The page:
Snowmobile grass drag racing revived in Ashland

6 years ago

ASHLAND, Maine — Snowmobile grass drag races hadn’t been held in Ashland since 1995, but a pair of neighboring snowmobile clubs got together last spring to come up with a plan to change that.

The result was Sunday’s Big Woods Grass Drags, held on the property of Barry and Glori Baranowski on Route 11 just south of Ashland.

“The area used to hold the Butch Jimmo Memorial Grass Drags several years ago, but it stopped and the Ashland Sno-Mobile Club and the Portage Lakers Snowmobile Club got together last spring to talk about reviving something similar,” said Beth Hunter, the marketing coordinator for the Big Woods Grass Drags, “and here we are.”

The track committee developed a 500-foot grass drag area, which included a 100-foot clay start and a 1,000-foot shutdown area, with two lanes for head-to-head racing.

Snowmobile enthusiasts were plentiful on Sunday as 24 divisions of racing were offered throughout the day.

Thirteen-year-old Jesse Taggett of Woodland was one of the competitors in Sunday’s Big Woods Grass Drags held in Ashland. The snowmobile competition offered races in several different categories and drew a large crowd of spectators. (Courtesy of Jim Leighton)

One of those enthusiasts was Andy Pellerin of Pembroke, New Hampshire, who along with his crew brought a fleet of snowmobiles to an area he has come to enjoy to participate in something that has become a true passion.

“People that don’t know anything about it say, ‘Now wait, you are going to get up at 5 o’clock in the morning and drive 4-1/2 hours with no breakfast to race snowmobiles on the dirt … you realize no part of that makes sense,’” said Pellerin, who had previously been in Aroostook County competing in Caribou two winters ago. “But when you put it all together, it does.”

Pellerin said he has been involved in racing his whole life. He no longer competes himself, but his two youngest children do and have enjoyed plenty of success on the track at venues throughout the Northeast.

His best friend, Jim Hamel, who also made the trip to Ashland, got the family interested in racing snowmobiles on the grass and the ice a few years ago and they built a 500-foot track to start on “and both kids were winning right out of the gate,” according to Pellerin.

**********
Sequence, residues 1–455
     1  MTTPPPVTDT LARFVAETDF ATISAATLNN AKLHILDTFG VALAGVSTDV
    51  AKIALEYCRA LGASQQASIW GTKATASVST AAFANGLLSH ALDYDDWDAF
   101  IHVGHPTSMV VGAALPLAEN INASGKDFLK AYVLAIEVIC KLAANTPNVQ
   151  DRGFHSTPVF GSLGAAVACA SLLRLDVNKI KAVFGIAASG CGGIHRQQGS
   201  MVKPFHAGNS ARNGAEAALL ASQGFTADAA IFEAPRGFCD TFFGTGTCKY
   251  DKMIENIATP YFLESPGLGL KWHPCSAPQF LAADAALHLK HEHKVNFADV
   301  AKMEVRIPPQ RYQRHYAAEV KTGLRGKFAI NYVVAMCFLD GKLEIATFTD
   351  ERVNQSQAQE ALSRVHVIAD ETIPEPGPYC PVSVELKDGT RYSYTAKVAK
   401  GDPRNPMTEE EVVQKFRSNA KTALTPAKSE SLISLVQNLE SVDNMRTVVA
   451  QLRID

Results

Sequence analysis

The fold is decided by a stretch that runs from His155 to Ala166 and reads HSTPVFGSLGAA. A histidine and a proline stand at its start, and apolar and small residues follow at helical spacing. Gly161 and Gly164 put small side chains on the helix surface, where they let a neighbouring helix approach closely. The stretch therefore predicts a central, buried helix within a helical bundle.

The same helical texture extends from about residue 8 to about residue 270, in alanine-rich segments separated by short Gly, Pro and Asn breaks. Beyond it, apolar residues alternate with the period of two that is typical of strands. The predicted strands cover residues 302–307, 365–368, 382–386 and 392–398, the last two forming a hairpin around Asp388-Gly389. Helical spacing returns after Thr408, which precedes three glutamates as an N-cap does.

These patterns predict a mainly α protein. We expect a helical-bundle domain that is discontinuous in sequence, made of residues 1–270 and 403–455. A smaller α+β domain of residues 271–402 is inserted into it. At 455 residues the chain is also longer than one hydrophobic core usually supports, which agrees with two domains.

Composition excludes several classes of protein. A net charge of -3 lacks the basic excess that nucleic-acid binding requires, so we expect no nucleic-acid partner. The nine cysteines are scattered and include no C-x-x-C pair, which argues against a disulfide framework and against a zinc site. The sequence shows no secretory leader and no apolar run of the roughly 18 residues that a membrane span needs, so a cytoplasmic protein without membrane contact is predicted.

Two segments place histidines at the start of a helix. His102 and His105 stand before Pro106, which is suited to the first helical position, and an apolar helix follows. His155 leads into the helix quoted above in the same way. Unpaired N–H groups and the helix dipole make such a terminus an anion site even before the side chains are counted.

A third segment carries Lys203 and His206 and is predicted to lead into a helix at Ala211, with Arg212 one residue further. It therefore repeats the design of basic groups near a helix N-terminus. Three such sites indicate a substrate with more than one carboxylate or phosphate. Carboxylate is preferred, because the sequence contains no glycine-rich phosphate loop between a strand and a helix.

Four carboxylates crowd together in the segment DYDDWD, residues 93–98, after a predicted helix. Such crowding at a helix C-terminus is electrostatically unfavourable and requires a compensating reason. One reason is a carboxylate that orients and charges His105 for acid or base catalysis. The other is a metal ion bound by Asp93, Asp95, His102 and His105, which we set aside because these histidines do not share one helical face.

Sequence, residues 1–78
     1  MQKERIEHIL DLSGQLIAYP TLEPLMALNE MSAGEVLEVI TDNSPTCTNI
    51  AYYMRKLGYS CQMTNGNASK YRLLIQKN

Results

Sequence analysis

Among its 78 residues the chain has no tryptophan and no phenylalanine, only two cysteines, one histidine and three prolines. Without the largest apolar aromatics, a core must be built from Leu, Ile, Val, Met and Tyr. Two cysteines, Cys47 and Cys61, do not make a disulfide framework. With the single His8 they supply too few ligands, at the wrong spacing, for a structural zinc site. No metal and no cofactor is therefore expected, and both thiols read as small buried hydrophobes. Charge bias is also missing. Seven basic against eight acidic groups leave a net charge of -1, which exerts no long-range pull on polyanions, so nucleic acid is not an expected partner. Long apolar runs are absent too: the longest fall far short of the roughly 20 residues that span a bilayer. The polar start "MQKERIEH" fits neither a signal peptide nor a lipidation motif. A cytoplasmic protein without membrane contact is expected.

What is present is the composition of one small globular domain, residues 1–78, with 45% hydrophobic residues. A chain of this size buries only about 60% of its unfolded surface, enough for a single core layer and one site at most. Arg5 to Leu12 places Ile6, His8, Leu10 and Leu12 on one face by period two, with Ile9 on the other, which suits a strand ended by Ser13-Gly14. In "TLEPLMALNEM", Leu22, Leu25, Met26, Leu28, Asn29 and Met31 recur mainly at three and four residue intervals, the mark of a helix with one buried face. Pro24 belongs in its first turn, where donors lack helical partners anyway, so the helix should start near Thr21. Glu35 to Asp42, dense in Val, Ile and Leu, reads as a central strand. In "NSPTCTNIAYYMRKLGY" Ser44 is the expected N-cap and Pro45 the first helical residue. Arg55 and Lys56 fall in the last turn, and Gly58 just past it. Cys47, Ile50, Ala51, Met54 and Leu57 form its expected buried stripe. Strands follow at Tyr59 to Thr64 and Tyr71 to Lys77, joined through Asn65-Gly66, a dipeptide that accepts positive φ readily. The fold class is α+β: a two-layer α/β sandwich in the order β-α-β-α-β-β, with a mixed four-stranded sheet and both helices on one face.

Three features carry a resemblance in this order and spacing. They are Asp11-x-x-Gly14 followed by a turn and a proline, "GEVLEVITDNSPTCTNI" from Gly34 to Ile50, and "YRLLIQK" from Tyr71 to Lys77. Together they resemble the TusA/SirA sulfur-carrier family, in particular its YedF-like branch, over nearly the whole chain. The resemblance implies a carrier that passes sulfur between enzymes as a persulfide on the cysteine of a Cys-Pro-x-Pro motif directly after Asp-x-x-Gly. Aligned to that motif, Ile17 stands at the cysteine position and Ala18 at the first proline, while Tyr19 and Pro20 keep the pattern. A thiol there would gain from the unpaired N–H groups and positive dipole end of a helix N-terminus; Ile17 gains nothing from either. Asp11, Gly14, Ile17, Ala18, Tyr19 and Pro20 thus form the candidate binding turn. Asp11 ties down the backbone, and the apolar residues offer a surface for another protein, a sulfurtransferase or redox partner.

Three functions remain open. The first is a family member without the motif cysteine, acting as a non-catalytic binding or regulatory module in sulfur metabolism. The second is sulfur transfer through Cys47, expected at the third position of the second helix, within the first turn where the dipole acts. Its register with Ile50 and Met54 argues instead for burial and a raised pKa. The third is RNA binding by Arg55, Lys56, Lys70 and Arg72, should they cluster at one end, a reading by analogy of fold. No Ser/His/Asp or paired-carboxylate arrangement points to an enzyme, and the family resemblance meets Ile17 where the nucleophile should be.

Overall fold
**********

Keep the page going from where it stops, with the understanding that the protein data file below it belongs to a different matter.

His daughter, Madison, had a work commitment and was unable to make the trip north, but his son Andrew did and had a busy day of competition while driving five different sleds.

“We can’t race anymore, but we put them together for them,” the elder Pellerin said. “I’ve never been gratified as much as I am watching my children compete. Not just to have them win but to turn into decent human beings and competitors. To me that’s the mark of a man’s wealth.

“This day and age when kids are glued to their cell phones and iPads, this gets us out and keeps us going,” he added.

Kurt Dumond grew up in Van Buren but moved to Sanford several years ago. He organized local grass and ice drag events while working at a Caribou snowmobile dealership and has been involved in the industry his entire life. When he learned of the Big Woods Grass Drags, he made it a point to come up to support it.

Kevin Pelletier races his snowmobile down the 500-foot track during the Big Woods Grass Drags in Ashland Sunday. (Courtesy of Jim Leighton)

“This is a great facility for the first time out and they’ve done a good job,” Dumond said. “The success of events like this really comes down to the volunteers and coming up with a plan and executing it. Hopefully it will keep going.”

Jesse Taggett, a 13-year-old from Woodland, won his division at a competition in Epping, New Hampshire, the previous weekend. It was the first time he had ever competed on grass and was back at it Sunday.

“I love riding sleds and going down the track,” Taggett said, “and it’s fun working on the sleds and getting to know them.”

Mark Clark of Ashland owns snowmobiles that once belonged to Joey Clark and Adam Michalka, young local snowmobile racing enthusiasts who passed away in 2013 and 2014, respectively. Mark Clark had the sleds in storage and took them out a month ago to prepare Sunday.

“When I parked them, I never thought I’d use them again,” he said. “I guess I was a liar.”

Memorial shootouts were held in their honor Sunday as a featured part of the event, with a $1,000 purse up for grabs for each. The 57-year-old was excited to be able to race their sleds again.

“Joey was my cousin and Adam was like a son to us,” Mark Clark said. “They were always with me, tinkering with the sleds, and it’s great to be out here in their memory.”

Vintage sleds were on display throughout the day and several local vendors had booths set up to cater to racers and spectators.

For a list of results from the Big Woods Grass Drags, go to